By Edie McGinnis
I am a quilter. I work with cotton and thread, sometimes wool. I love the way cotton fabric feels, especially when it has the silky texture and finish of well-made, tightly woven goods.
Color intrigues me. In my opinion, color and color placement make the quilt. It is the difference between a ho-hum quilt and one that pops. It sometimes lets us skate by when we haven’t exhibited the best of workmanship. It announces moods and personalities and can make a quilt exciting or somber. The quilter chooses which.
Jason Pollen is an artist. His medium of choice is fiber: fabric, dyes, threads, and maybe even twigs. He has a resumé that is as long as my arm and has created a breathtaking body of work. He has spent 30 years as a professor at the Kansas City Art Institute. But enough about credentials.
Pollen would probably be insulted if I said I thought he missed his calling. Maybe he would find if irritating if I told him I thought he should have been a quilter. So I won’t say either of those things. Instead, I will keep my thoughts to myself.
But if there are quilters out there who can look at Pollen’s work and not be inspired by his use of texture and color, I don’t know who they are.
Look at this! It’s called Havana. Pollen created this piece after spending some time in Havana, Cuba, after noticing clotheslines strung between apartment buildings, with laundry flapping in the wind. I love the playfulness and exuberance of this piece.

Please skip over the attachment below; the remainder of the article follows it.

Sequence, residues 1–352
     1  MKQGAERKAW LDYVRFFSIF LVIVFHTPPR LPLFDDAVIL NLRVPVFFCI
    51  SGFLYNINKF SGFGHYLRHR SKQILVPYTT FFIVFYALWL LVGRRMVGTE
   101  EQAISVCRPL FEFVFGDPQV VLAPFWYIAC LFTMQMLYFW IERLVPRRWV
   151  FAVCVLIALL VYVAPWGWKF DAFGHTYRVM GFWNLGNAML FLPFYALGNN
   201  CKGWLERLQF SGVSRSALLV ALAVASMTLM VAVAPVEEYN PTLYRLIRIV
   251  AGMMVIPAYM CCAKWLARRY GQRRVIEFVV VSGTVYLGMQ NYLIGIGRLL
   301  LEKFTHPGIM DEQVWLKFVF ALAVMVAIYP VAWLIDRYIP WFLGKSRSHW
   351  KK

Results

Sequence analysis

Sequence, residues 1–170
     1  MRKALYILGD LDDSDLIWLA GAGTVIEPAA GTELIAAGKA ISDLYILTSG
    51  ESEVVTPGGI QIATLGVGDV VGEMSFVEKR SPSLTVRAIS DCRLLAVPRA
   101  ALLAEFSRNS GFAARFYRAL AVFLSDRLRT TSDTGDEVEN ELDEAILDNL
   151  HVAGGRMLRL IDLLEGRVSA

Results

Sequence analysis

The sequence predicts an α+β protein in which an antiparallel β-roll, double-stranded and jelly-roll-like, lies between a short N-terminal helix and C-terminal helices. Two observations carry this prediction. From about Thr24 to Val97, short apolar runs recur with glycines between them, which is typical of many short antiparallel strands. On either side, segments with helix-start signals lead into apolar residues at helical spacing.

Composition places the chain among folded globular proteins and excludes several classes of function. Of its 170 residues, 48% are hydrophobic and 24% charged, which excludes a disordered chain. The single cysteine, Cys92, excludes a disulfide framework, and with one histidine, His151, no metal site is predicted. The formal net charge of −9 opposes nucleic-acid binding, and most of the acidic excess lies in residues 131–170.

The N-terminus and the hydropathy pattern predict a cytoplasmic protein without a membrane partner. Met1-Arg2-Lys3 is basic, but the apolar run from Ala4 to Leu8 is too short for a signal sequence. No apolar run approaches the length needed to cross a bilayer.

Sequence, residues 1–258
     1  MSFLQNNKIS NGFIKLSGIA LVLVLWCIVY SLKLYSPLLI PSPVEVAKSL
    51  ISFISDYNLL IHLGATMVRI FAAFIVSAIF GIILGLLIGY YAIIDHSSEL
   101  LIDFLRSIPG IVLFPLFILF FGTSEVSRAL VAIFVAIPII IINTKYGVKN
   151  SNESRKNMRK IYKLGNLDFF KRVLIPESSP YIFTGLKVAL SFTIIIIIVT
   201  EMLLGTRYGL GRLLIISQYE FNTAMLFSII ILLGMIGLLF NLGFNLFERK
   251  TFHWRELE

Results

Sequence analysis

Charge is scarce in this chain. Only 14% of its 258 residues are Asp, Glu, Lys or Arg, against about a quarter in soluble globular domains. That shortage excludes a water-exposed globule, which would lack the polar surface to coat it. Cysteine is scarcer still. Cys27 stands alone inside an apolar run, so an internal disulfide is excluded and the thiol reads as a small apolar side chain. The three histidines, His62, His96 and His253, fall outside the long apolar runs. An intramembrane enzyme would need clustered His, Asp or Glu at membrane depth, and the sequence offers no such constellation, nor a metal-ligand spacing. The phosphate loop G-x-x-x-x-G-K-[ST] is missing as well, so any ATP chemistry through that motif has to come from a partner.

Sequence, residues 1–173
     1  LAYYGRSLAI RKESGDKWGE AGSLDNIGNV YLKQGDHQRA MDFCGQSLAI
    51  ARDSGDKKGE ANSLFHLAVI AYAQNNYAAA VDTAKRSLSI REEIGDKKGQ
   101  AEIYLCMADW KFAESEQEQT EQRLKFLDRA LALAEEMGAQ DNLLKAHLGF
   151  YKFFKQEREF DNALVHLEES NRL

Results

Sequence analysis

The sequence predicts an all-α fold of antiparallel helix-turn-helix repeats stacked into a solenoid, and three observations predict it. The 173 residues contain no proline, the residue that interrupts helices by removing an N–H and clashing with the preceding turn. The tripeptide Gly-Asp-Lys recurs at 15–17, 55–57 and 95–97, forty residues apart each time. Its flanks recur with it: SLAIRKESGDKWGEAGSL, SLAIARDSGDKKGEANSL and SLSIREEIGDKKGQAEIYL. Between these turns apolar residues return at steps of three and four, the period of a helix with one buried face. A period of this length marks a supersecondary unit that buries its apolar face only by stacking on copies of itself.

Even though blue isn’t my favorite color, “Boundless” took my breath. The intense blues accented with bits and pieces of orange grabbed my attention. I couldn’t just walk past it, I had to stop and drink it in. I walked on but found myself coming back for a few more sips.
I walked up to this piece and said to my friend, “Oh, this looks just like music sounds.” I looked at the little sign next to it and saw it was called “Sonatina.” (A sonatina is a short sonata.) It was aptly named. Even Pollen thought it would be something wonderful if someone could look at that piece and make music out of it. I think he did exactly that.
Some of his pieces reflect health challenges he’s encountered. In 2008, he underwent three surgeries on his spine. His spinal cord was nearly severed in one of them, and it took more than three years for him to move from being bedridden to a wheelchair, and then back to some semblance of normality.
During his recovery, he made small pieces. Once he was back in his studio, he created a piece he called “16 Wounded.” When he began working on the piece, he intended it to be about his own hurt and wounds, but then he shifted his focus to others who were experiencing rough patches as well. Take a good look at how the pieces are connected. See that big, rough stitch? Pollen learned that from the surgeon who performed his last back surgery.
I think I am going to be able to call Pollen a quilter after all. His piece “Two Shirts, a Sweater and a Vest” is exactly that, a quilt. To make it, he used some of his favorite clothing that was worn out but couldn’t bear to toss out. He cut pieces from each item and stitched them together using a sewing machine.
“There’s magic in what state-of-the-art sewing machines can do today,” Pollen says in the catalog that accompanies an exhibit of his work continuing through Jan. 4 at the Kansas City Central Library. “You can use them to draw and paint with thread in the freest, most organic way.”